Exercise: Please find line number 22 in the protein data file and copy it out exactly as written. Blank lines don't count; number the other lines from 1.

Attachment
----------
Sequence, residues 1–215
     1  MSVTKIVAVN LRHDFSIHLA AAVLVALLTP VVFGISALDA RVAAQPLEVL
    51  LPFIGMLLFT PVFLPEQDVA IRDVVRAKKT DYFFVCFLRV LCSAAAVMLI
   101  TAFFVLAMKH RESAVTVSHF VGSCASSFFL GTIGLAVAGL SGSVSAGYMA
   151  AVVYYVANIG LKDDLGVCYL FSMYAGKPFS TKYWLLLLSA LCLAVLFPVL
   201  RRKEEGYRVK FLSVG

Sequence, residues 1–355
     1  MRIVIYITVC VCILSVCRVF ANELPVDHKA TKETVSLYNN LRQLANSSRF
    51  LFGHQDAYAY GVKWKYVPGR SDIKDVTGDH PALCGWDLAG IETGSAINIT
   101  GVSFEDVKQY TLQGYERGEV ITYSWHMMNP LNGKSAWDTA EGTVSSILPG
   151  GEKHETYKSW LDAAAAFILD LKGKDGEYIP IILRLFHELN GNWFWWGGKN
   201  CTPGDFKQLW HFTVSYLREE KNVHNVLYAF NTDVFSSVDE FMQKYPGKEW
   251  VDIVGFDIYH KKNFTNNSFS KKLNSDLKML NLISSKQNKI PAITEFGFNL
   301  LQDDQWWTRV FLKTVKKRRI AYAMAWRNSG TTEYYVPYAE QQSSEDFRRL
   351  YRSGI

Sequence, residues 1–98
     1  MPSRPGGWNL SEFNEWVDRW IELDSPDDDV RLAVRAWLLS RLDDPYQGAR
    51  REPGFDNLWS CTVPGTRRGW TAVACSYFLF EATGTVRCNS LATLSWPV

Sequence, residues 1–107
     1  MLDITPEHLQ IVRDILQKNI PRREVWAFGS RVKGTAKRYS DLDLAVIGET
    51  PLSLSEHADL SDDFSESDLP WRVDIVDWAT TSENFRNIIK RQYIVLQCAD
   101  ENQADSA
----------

   101  ENQADSA